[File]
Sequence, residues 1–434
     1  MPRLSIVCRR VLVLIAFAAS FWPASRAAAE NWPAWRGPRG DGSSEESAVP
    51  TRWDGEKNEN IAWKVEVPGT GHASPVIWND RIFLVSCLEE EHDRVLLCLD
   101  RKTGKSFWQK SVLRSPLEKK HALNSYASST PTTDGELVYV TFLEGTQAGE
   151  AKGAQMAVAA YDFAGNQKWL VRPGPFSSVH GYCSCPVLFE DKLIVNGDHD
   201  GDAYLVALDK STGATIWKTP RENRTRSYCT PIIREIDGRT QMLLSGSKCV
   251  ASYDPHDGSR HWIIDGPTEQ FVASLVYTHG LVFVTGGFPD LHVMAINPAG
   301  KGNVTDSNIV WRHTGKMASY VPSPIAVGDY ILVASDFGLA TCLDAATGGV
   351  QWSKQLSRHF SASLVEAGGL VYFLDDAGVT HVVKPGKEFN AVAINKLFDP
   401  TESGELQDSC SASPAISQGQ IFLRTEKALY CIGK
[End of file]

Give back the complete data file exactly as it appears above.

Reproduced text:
Sequence, residues 1–434
     1  MPRLSIVCRR VLVLIAFAAS FWPASRAAAE NWPAWRGPRG DGSSEESAVP
    51  TRWDGEKNEN IAWKVEVPGT GHASPVIWND RIFLVSCLEE EHDRVLLCLD
   101  RKTGKSFWQK SVLRSPLEKK HALNSYASST PTTDGELVYV TFLEGTQAGE
   151  AKGAQMAVAA YDFAGNQKWL VRPGPFSSVH GYCSCPVLFE DKLIVNGDHD
   201  GDAYLVALDK STGATIWKTP RENRTRSYCT PIIREIDGRT QMLLSGSKCV
   251  ASYDPHDGSR HWIIDGPTEQ FVASLVYTHG LVFVTGGFPD LHVMAINPAG
   301  KGNVTDSNIV WRHTGKMASY VPSPIAVGDY ILVASDFGLA TCLDAATGGV
   351  QWSKQLSRHF SASLVEAGGL VYFLDDAGVT HVVKPGKEFN AVAINKLFDP
   401  TESGELQDSC SASPAISQGQ IFLRTEKALY CIGK